photo: Instagram/zoesweettreats
Anyone who’s had Dominican cake understands all the hype that surrounds it. Even if you’re on a sugar fast, you won’t turn down a piece of this delicious bizcocho. There’s really nothing else quite like it. Everything about it is unique, from the airy and moist yellow cake, to the fruit filling (usually guava or pineapple), and the meringue icing that taste so sweet, you’d think it was made in heaven. It’s no wonder it appeals to so many people, not just Dominicans.

“Dominican cake is really popular because people like it’s soft yet resistant texture,” says Ana Baez, the founder behind Zoe Sweet Treat, a Dominican cakes and treats business in Long Island, NY. “Most of my clients aren’t even Dominican. They are from all over.” 

If you’re curious about what actually goes into all this goodness, hang tight! Baez shared with us some of the secrets that go behind this traditional Dominican dessert. 

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What are the most important ingredients?

Dominican cake, relleno d pina y dulce d leche, butter cream ????????

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“The key ingredients used in Dominican cake are vanilla extract and rum,” says Baez, who specifically uses black Dominican vanilla extract and Dominican Brugal rum to give it that unique and distinct taste.

How do you get the yellow cake so moist?

Antes y despues, Dominican cake, pina, butter cream

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“The secret is in the batter mix,” says Baez. "When you are combining the butter with the sugar, you must make sure that the sugar is mixed in well, until it starts to decrystalize.” The ingredients she uses to make the yellow cake (a.k.a masa) are butter, sugar, eggs, flour, baking powder, salt, milk, vanilla extract, and rum.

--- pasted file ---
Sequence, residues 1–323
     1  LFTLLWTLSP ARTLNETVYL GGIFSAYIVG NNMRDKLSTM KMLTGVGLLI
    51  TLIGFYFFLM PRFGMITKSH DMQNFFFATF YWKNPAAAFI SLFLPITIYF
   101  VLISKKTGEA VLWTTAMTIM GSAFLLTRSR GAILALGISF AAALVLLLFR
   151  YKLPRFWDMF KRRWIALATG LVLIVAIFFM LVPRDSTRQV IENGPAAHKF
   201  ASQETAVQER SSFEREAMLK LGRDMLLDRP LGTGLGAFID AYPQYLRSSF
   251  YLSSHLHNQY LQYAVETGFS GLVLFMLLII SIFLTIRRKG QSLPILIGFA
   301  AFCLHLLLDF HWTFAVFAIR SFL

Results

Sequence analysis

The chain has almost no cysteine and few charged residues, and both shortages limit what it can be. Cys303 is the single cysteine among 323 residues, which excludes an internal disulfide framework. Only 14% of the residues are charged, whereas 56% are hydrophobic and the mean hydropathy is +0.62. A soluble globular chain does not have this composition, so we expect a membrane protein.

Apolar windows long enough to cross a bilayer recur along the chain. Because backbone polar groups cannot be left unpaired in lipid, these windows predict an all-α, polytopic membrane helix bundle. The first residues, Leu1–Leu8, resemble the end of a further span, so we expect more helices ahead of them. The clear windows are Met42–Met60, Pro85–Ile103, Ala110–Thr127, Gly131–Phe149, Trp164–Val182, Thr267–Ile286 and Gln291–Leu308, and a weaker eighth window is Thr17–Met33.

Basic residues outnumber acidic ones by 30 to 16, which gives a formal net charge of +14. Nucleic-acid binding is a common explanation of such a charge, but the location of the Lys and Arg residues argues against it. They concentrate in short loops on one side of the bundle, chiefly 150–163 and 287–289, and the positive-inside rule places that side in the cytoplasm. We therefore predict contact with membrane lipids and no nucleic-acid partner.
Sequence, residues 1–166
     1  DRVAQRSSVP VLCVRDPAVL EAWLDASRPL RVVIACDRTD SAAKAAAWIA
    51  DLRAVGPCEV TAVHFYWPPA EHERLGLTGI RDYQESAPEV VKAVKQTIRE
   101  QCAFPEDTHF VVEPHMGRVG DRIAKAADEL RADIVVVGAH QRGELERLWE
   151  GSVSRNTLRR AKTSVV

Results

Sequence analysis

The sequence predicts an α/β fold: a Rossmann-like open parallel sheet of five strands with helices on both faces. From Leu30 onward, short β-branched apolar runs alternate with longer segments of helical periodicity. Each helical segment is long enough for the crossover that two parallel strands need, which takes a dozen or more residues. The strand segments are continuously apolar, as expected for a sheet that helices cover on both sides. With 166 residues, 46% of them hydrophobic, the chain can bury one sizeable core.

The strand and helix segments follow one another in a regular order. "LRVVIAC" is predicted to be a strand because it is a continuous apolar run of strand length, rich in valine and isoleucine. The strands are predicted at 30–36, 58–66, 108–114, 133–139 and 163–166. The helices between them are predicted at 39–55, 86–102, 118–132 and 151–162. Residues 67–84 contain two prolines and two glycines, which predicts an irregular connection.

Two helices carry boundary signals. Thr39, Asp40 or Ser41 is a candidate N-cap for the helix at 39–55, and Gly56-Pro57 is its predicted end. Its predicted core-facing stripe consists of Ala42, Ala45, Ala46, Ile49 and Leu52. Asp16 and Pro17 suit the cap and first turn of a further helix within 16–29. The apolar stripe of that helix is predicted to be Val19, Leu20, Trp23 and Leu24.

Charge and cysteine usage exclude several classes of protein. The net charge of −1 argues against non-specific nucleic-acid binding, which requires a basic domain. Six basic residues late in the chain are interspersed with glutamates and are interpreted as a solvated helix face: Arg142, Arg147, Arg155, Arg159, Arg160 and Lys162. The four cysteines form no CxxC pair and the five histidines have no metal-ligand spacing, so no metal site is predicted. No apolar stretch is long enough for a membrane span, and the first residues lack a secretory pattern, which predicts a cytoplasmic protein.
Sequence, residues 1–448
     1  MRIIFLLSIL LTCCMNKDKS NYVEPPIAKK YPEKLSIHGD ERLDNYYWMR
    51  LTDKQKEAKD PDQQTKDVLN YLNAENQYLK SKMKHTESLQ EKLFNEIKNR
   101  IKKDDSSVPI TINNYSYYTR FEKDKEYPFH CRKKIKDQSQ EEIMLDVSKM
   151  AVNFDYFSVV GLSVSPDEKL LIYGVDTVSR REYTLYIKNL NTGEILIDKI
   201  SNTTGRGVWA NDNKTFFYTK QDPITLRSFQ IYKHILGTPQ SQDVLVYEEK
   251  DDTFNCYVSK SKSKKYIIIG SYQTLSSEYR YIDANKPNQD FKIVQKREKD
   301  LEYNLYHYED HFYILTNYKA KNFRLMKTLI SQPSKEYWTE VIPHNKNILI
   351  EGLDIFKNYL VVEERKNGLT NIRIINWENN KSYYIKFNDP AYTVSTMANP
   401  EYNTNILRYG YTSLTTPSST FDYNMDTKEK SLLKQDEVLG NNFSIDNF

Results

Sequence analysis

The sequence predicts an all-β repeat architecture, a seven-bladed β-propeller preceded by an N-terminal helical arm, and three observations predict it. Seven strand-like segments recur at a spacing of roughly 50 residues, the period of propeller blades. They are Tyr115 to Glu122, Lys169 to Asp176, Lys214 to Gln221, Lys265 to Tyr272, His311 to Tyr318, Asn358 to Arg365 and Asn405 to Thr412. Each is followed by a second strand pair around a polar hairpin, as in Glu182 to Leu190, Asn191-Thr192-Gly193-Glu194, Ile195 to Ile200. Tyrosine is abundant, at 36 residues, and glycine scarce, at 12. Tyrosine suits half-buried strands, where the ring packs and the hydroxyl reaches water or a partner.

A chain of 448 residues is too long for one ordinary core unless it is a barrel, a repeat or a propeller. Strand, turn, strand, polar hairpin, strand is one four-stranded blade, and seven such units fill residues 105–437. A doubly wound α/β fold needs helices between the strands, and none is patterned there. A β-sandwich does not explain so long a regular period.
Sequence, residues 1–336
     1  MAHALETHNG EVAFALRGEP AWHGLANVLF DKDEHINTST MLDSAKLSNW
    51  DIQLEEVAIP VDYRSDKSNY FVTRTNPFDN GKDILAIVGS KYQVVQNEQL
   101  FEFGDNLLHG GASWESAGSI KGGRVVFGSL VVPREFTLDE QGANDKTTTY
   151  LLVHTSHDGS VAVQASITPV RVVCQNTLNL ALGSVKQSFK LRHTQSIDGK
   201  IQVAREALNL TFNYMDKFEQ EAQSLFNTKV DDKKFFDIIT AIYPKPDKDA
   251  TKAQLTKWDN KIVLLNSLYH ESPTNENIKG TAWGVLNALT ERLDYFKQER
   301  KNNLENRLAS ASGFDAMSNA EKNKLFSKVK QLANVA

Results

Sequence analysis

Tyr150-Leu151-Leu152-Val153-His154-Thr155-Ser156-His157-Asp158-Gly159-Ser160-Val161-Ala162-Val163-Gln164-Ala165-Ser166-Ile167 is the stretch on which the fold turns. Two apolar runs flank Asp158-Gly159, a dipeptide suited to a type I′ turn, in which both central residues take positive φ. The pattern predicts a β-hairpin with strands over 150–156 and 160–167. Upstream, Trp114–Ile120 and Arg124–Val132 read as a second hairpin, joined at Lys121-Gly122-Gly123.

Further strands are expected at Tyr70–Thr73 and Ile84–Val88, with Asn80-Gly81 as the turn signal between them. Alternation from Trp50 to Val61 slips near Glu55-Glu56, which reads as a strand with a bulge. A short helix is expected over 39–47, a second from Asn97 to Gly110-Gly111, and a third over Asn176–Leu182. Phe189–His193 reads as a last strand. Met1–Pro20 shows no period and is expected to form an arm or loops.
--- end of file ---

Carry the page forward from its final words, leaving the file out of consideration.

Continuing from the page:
How do you make the masa?

Dominican cake dulce d leche

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“First you whip the butter, then slowly mix in the sugar, add the eggs one at a time, then alternate mixing the ingredients with the milk,” says Baez. “At the end you’ll add the vanilla extract along with the rum." 

What’s the secret to the fruit filling?

Most Dominican cakes use either guava or pineapple for the filling. “The secret is to use 100 percent natural fruits to keep the filling as fresh as possible,” says Baez. For guava filling, she chops up fresh guayabas and cooks it with two cinnamon sticks, four cups of water, and a cup of brown sugar on a pan over the stove in medium heat. She cooks until the guava becomes soft and the liquid has come out and turned into a jam. She does the same with pineapple.

How do you make the dulce de leche filling?

Most people that make Dominican cake use the good ol' boiling a can trick, which usually entails boiling a can of sweetened condensed milk (with the label removed) in a pot of water. But Baez has a much easier tip which gives her very similar results. “I buy a can of already made dulce de leche, pour it into a pot over medium heat, and slowly add heavy cream until it reaches the thick, creamy consistency that I want.”

What’s the trick behind the frosting?

Totally in love

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Baez uses egg whites, sugar, and a couple of drops of lemon to create the meringue icing. She beats the egg whites for a minute or so at medium speed, until they becomes white. She puts that aside and mixes the sugar and water in a saucepan over high heat to create the caramel. Once the caramel has turned a light brown color, she whisks it in a bowl with the egg whites until it turns into a white, airy frosting.